Anti-royal protesters heckle King Charles as he attends Westminster Abbey


Anti-monarchy protesters took to the streets of London this afternoon to heckle King Charles as he attends the Commonwealth Day ceremony. 

Activists from campaign group Republic gathered outside Westminster Abbey, ahead of the monarch’s attendance for the service today. 

It was the first time the King attended the commemoration as head of state, with the 74-year-old monarch delivering a message from the abbey’s Great Pulpit.

But protesters armed with placards saying ‘Not My King’ massed outside the building in their latest demonstration against the Royal Family, and chanted the phrase as Charles arrived.

It comes just days after they booed the royal the King and Queen Consort as they visited Colchester in Essex.

The group, which has ramped up its rallies against His Majesty ahead of his May coronation, has branded the King as ‘just a bloke in a suit who’s spending lots of our money’.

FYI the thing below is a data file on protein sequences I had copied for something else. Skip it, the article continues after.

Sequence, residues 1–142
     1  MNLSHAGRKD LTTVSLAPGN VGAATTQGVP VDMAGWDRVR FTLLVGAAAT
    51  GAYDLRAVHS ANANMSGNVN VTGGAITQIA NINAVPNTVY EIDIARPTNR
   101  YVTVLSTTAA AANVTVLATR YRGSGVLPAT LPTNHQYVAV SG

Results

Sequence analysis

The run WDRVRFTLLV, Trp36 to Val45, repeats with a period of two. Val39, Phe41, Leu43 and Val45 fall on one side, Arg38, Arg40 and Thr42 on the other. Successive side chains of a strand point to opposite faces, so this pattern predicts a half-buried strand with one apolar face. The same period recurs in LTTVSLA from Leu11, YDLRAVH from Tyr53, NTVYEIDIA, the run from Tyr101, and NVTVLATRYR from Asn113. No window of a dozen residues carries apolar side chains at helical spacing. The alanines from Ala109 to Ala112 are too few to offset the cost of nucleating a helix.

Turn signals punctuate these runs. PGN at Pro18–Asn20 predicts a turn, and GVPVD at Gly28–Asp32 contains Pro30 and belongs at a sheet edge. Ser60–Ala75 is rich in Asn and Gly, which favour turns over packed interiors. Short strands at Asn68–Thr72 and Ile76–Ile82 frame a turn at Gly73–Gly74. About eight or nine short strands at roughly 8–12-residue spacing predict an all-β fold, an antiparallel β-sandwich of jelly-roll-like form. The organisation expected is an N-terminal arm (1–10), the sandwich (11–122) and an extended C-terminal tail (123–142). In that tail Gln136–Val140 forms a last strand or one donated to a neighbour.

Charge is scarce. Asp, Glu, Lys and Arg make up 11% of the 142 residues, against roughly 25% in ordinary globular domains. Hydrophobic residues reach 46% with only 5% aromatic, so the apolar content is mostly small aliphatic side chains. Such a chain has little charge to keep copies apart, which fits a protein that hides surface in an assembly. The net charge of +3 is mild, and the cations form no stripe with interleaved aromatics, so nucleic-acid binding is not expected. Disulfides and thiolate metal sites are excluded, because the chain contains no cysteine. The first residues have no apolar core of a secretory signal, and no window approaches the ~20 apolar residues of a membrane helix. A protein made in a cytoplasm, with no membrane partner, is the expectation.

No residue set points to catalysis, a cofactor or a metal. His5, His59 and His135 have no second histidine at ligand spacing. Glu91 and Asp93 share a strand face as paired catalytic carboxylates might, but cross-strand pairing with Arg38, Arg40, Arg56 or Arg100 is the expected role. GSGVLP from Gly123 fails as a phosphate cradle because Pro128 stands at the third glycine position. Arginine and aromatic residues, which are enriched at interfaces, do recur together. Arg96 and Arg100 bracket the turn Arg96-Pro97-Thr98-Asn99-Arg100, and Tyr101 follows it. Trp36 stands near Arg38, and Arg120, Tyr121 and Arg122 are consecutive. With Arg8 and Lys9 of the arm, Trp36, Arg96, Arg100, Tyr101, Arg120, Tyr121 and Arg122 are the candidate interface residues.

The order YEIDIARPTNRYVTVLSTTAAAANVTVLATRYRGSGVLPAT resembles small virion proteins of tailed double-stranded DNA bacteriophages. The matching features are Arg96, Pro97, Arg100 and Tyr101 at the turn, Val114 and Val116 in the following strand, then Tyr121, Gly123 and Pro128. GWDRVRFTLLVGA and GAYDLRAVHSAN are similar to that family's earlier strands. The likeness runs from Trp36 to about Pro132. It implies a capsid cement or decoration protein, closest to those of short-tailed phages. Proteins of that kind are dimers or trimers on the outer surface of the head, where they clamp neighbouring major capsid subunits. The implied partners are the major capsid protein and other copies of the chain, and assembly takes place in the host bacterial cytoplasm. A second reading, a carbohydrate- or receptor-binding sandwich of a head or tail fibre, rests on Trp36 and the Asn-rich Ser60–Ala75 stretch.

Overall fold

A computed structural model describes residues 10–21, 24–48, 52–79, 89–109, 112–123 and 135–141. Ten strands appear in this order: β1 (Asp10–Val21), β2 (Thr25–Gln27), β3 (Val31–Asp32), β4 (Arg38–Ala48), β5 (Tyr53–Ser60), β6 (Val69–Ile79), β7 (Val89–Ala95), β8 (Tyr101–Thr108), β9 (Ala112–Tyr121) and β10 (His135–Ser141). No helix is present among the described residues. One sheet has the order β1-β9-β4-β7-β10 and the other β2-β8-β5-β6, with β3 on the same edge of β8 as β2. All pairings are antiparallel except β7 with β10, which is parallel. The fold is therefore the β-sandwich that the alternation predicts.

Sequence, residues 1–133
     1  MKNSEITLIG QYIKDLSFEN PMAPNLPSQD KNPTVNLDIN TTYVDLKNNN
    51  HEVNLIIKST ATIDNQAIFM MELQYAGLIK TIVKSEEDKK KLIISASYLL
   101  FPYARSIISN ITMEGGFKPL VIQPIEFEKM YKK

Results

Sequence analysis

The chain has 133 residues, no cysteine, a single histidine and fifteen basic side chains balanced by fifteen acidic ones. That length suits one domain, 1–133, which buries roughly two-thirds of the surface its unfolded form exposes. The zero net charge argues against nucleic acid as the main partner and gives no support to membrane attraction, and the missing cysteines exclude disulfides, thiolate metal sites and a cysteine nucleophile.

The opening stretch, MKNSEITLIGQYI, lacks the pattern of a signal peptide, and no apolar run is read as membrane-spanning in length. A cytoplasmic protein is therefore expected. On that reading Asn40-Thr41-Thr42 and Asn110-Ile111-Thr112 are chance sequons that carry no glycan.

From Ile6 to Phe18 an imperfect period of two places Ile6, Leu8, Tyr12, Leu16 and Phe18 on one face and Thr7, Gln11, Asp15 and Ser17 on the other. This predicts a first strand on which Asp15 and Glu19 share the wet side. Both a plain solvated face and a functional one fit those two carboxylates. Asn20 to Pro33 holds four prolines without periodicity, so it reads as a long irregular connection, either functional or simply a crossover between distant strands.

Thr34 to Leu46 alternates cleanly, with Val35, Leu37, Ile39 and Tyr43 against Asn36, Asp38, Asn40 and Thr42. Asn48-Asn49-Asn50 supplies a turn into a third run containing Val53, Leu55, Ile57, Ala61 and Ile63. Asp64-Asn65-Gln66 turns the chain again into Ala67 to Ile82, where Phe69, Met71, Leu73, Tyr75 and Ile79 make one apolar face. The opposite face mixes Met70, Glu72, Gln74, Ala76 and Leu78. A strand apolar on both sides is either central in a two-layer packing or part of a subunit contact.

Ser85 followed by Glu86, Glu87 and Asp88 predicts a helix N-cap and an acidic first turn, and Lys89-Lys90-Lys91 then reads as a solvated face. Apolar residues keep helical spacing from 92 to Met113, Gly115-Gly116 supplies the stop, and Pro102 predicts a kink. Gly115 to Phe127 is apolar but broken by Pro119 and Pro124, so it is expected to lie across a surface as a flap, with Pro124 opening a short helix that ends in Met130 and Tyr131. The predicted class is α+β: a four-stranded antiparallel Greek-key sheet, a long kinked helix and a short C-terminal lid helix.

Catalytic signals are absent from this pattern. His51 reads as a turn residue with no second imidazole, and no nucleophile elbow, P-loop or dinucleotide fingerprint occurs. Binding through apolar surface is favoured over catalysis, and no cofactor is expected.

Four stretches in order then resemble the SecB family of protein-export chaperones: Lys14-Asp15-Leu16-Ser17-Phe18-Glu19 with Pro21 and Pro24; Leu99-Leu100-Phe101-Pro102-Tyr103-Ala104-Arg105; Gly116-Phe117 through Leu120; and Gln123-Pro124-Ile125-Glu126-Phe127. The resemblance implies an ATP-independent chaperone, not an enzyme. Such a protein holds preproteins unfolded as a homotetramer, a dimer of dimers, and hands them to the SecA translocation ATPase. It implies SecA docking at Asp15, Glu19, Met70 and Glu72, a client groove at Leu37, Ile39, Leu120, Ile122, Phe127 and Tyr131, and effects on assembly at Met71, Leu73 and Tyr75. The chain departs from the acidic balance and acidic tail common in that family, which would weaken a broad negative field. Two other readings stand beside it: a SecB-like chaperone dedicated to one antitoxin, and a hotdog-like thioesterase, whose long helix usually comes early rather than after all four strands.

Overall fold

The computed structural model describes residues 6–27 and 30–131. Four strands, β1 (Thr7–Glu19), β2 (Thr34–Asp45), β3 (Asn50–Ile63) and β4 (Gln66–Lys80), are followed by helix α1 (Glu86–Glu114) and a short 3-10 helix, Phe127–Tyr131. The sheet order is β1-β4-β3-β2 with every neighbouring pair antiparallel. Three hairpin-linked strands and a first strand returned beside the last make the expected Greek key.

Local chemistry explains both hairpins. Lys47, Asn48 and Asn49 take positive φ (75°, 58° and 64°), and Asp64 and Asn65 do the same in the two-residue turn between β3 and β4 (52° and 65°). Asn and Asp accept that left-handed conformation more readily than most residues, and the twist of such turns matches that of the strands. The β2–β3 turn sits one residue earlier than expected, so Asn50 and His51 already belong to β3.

Dozens of protesters have gathered outside Westminster Abbey ahead of the King’s appearance there today to mark the Commonwealth Day ceremony

Activists from Republic (pictured) rallied holding placards saying 'not my king' as part of their latest protest against the monarch ahead of his coronation in May

Activists from Republic (pictured) rallied holding placards saying ‘not my king’ as part of their latest protest against the monarch ahead of his coronation in May 

Republic’s chief executive Graham Smith said Charles should be criticised like any other politician – but in an attempt to explain why the group was organising more protests against the King than his late mother, admitted: ‘The Queen enjoyed deference and it put people off criticising her directly. We were aware heckling her wouldn’t go down well’.